An island in the north Atlantic is not only a land of creation of the Earth’s surface with countless volcanoes but a place where a small league is creating numerous talented football players.
The top tier of this creation process is the Úrvalsdeild karla, from 2009 known as the Pepsi-deildin or “The Pepsi League”, named after the main sponsor. It is run by the Football Association of Iceland (KSI) and the league is currently rated as the 40th European league by UEFA.
More clubs for higher quality of the league?
Úrvalsdeild currently comprises of 12 clubs, however the league never used to have more than 10 clubs since it was founded in 1912. For the first time in the competition’s history, the 2008 season saw 12 teams compete in the premier division, as a part of KSI’s attempt to strengthen Icelandic football. It was a quite different approach from the majority of leagues in smaller countries that took a different approach, reducing the number of the clubs in the 1st divisions. Only one team was relegated in the Úrvalsdeild 2007 season and three clubs were promoted from the 1. deild karla, a second division in the Icelandic football league system.
Úrvalsdeild karla – Pepsi-deildin
Number of teams: 12
Level on the pyramid: 1st division
Domestic cup: Bikarkeppni karla, Deildabikar
International cup: UEFA Champions League, UEFA Europa League
Current champion: Knattspyrnufélag Reykjavíkur (KR)
Average annual salary: 30.000 €
Transfer window: 15 October – 15 May and 15th July – 1st August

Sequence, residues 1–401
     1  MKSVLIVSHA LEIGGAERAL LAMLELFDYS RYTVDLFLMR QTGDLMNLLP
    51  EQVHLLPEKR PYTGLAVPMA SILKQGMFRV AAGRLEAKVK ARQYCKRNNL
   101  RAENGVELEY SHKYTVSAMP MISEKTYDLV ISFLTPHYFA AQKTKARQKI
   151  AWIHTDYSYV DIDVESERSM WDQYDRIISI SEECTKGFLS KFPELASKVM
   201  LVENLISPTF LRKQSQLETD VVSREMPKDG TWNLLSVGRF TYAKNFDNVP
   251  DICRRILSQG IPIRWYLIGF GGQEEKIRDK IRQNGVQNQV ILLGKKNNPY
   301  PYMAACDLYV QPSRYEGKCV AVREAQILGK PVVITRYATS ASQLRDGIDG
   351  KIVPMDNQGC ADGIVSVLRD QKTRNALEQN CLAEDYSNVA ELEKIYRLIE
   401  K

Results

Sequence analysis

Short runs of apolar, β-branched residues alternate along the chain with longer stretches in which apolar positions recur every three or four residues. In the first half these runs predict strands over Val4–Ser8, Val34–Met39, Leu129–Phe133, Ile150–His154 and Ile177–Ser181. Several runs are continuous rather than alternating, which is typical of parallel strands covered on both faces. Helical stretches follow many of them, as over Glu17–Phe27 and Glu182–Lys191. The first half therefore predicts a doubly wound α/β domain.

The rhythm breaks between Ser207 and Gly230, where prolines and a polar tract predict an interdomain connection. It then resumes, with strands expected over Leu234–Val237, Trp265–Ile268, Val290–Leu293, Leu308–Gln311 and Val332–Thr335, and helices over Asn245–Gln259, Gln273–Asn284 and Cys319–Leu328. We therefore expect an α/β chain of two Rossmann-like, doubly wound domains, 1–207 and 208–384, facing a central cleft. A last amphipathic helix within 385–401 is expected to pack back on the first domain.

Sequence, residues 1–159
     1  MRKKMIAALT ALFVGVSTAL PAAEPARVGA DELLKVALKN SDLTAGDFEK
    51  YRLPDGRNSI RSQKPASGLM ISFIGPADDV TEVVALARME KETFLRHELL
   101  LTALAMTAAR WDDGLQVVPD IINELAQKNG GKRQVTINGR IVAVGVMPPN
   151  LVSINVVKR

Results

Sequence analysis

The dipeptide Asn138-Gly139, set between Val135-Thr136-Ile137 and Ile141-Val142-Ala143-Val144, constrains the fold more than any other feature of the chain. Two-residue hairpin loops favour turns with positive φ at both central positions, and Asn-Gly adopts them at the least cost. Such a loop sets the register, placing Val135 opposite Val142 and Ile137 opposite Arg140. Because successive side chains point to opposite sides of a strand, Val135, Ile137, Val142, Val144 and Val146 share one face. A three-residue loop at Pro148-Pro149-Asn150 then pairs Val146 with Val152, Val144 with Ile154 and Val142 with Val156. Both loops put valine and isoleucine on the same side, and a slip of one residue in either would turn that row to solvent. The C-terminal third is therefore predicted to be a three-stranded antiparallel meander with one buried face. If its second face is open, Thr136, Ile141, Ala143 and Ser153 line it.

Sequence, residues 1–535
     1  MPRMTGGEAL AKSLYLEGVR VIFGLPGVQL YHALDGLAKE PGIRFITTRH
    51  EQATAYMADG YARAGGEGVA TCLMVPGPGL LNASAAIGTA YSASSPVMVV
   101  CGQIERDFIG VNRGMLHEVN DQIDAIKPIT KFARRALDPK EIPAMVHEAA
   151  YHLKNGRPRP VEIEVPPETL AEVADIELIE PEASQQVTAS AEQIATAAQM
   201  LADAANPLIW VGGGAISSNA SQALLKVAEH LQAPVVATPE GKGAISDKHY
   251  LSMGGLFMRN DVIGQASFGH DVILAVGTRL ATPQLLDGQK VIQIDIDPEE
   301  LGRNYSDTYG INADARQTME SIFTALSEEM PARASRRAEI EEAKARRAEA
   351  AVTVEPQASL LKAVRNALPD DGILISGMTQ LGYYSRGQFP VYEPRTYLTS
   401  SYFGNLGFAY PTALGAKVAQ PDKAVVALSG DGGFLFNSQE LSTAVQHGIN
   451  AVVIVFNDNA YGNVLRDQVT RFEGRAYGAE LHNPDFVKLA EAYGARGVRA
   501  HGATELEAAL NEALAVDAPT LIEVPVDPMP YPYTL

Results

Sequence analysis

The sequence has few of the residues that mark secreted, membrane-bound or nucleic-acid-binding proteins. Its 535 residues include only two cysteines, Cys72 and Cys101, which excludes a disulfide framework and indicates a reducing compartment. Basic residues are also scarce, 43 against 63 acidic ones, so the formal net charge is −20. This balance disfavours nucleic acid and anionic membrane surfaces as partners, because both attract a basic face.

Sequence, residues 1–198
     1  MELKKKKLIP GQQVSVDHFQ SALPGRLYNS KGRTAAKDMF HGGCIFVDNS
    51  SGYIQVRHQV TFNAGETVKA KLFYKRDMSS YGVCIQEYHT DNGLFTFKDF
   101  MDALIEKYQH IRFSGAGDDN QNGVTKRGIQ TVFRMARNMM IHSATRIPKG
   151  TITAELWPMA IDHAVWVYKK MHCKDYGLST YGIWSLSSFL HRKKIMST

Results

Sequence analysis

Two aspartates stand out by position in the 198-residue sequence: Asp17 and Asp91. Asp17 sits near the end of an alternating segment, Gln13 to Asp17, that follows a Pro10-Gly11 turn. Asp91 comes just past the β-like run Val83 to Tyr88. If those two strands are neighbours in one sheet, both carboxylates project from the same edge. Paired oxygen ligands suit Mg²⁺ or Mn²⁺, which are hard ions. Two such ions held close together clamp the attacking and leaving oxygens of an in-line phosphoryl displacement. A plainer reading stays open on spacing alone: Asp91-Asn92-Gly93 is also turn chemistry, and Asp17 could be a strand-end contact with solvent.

Season duration: 4 May – 4 October
Average temperature, humidity and rainfall during the season: 8,9°C, 75%, 290 mm
Number of allowed foreign players (per team): 3 non-EU players in team on match-day
Number of foreign players in Úrvalsdeild: 34
Average stadium attendances: 1.205
Because of the harsh winters in Iceland, the league is played in the spring and summer, the 2014 season starting from the 5th May and ending on the 5th October. Each club faces every other club twice during the season, once at home and once away. At the end of each season, the bottom two clubs are automatically relegated to the second level of the Icelandic league system, the 1. deild karla (First Division), with the top two clubs of the First Division automatically promoted to the Úrvalsdeild.
From two greatest champions to world fame
KR, the current champions, holds the most titles (26) and Valur is next with 20. Eiður Guðjohnsen having won titles in the Netherlands, Spain, and England as well as the Champions League was playing for both clubs in his early career. ÍA and Fram Reykjavík are the third and fourth most successful clubs with 18 titles each. All the mentioned clubs are coming from Reykjavík with the exception of ÍA, a club based in the town of Akranes, a port town only 20 km north of the capital.
Actually the majority of clubs are coming from the capital or from the Greater Reykjavík area which contains nearly two thirds of Iceland’s population with two exceptions where the travel to away games might take some time. Þór A. is a club from Akureyri, a town in northern Iceland and ÍBV comes from Vestmannaeyjar, a town and archipelago off the south coast of Iceland.
Icelandic culture is very open-minded and Iceland is an ideal place for football players to go and fall in love with the game. The vast majority of Icelanders speak English and this can make the transition of living abroad even easier for the players.
Fast players being slowed down by referees